The Nigerian Government has named an ex-convict, Franklin Uzo lgbonwa, as Chairman of 20-member committee that will oversee the recruitment of 21,000 youths in Anambra State.
In October 2019, President Muhammadu Buhari approved a Pilot Special Public Works Programme in the rural areas domiciled in the National Directorate of Employment for implementation.
The programme seeks to employ about 774, 000 youth for three months and they would be engaged in unskilled jobs such as street sweeping, clearing drainages, controlling traffic and road construction among others.
Igbonwa, who is a cousin to the Minister of Labour and Employment, Chris Ngige, was named as the committee chairman in Anambra State to select the 1000 persons per local government area that would be engaged by the government in the Special Public Works Programme.
Igbonwa was indicted by a United States federal grand jury and convicted in 1990 for drug violations.
He was sentenced to nine years in prison on two count charges, the sentences to run concurrently, and 10 years of supervised release, court documents seen reads.
Igbonwa was also accused in 1989 by the US Immigration and Naturalisation Service of sham marriage, thereby denying him permanent resident status.
“Franklin Uzo Igbonwa is a Nigerian citizen who entered the United States in 1986 as a “non-immigrant visitor for pleasure.” The Immigration and Naturalisation Service adjusted Igbonwa’s status to that of conditional permanent resident in 1987 following his marriage to a United States citizen.
In 1989, Igbonwa petitioned to remove the conditional element of his immigration status.
INS denied his petition on November 29, 1989, when the agency determined that his marriage was a sham entered into solely for the purpose of securing permanent resident status.
INS began proceedings to terminate his conditional permanent resident status in 1990, but these proceedings were administratively halted on March 8, 1990 due to Igbonwa’s incarceration on narcotics offenses.
“In 1990, a federal grand jury indicted Igbonwa in the Eastern District of Pennsylvania on two counts of possession with intent to distribute heroin, in violation of 21 U.S.C. § 841(a) (1). He negotiated a plea agreement with the United States Attorney’s Office in Philadelphia. The agreement stated that Igbonwa would plead guilty to the two counts of the indictment and cooperate with the government in future criminal investigations, in exchange for which the government would file a motion recommending a downward departure under 18 U.S.C. § 3553(e) and United States Sentencing Guideline § 5K1.1 if it deemed Igbonwa’s cooperation satisfactory. The plea agreement further provided that “no additional promises, agreements or conditions have been entered into other than those set forth in this document and that none will be entered into unless in writing and signed by all parties.” The plea agreement made no references relating to deportation.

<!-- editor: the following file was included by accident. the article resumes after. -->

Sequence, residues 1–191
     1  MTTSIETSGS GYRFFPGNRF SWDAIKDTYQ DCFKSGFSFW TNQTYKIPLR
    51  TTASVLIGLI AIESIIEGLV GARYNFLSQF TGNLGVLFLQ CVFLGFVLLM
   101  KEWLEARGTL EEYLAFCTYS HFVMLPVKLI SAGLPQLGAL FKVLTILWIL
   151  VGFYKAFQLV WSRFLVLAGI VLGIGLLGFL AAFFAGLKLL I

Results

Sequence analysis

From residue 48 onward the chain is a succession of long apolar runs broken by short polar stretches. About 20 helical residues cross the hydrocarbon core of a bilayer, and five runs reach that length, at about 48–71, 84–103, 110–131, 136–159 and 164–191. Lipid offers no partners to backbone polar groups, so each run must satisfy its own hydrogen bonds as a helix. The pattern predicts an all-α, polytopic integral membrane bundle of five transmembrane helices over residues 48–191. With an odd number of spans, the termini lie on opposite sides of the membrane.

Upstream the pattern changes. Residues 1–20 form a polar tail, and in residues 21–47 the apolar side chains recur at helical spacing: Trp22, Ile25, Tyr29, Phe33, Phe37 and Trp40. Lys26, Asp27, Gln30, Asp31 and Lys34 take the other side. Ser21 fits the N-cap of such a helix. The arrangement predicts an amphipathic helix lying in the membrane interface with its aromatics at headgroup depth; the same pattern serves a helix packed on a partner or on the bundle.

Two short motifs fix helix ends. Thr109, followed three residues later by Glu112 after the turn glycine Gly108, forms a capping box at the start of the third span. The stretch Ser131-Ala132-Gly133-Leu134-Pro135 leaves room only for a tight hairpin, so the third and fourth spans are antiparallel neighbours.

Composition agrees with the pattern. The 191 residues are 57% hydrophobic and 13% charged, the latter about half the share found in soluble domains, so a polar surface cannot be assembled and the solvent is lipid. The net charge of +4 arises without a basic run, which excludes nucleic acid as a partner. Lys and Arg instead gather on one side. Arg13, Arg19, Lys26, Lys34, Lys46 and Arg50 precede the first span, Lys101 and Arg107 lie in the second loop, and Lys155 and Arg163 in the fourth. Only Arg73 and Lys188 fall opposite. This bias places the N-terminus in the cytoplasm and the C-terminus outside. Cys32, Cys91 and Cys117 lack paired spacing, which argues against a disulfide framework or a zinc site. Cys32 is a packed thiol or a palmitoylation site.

“In accordance with the plea agreement, Igbonwa pled guilty on November 20, 1990. During his plea colloquy, Igbonwa averred that no additional representations or promises had been made and that he had not been induced to enter into the plea agreement by any promises beyond those in the written agreement. The court sentenced Igbonwa to nine years in prison on each count, the two sentences to run concurrently, and ten years of supervised release.1 In 1994, the government filed a Rule 35(b) motion recommending a reduction in Igbonwa’s prison sentence for his cooperation and testimony in a criminal investigation conducted in the District of Maryland. The district court granted the motion and reduced Igbonwa’s imprisonment by three years,” part of the document read.